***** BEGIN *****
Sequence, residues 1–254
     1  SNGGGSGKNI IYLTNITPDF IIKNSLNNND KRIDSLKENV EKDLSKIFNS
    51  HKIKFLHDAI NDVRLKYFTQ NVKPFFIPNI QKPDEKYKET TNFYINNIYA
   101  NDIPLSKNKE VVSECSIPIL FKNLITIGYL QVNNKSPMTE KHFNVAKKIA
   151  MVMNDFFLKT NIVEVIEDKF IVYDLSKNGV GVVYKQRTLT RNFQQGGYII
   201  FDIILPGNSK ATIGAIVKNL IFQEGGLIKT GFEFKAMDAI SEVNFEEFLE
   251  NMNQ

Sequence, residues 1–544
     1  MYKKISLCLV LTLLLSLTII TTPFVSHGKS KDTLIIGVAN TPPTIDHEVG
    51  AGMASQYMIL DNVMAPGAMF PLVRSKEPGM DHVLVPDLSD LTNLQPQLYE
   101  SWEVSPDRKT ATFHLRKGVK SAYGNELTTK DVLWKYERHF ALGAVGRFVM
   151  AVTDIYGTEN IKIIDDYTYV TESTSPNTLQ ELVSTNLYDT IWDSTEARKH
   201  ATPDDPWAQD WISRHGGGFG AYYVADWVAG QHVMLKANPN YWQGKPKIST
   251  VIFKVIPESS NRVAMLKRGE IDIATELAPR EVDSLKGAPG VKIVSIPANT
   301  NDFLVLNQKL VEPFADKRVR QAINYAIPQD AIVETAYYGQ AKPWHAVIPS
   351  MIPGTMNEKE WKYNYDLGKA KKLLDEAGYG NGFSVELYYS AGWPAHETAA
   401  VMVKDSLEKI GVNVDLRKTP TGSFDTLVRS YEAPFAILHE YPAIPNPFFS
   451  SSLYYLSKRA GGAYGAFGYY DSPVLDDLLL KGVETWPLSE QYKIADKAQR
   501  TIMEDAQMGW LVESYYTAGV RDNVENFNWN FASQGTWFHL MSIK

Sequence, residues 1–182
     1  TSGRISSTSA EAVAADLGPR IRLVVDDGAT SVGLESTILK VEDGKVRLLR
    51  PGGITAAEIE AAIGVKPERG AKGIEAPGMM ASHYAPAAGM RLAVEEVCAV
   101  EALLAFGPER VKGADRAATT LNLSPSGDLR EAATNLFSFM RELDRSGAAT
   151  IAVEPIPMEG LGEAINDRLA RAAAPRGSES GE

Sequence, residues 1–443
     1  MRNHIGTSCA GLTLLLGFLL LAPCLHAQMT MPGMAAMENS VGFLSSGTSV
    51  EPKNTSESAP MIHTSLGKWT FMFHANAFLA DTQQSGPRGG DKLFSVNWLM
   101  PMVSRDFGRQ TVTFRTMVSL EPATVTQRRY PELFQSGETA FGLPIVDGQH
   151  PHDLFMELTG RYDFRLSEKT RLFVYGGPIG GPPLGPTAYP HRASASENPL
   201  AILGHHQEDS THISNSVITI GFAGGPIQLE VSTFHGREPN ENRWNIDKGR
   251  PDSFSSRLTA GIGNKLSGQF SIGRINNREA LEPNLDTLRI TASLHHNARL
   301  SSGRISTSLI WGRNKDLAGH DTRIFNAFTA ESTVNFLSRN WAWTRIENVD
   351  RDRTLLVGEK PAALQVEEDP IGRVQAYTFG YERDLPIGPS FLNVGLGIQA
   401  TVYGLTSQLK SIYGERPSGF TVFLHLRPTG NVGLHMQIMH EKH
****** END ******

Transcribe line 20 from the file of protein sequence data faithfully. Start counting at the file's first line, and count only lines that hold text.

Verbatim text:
Sequence, residues 1–182